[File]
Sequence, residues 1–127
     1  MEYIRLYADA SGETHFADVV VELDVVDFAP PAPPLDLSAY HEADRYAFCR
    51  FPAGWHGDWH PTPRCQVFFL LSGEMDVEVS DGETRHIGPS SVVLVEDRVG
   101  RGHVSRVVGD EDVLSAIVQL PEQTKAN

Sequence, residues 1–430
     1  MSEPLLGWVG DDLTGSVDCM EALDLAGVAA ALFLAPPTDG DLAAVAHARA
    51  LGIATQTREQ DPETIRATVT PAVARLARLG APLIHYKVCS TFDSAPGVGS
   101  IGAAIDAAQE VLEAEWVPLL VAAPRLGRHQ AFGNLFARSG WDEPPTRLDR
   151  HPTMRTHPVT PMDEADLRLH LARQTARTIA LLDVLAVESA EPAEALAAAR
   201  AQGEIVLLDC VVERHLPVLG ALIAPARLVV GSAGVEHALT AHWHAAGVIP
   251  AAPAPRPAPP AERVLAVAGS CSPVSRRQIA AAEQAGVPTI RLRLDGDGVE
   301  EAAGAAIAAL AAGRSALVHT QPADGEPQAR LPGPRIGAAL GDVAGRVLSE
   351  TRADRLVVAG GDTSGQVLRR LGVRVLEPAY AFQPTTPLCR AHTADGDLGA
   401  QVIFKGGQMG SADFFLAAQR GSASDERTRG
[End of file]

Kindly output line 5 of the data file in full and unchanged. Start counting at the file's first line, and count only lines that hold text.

Sequence, residues 1–430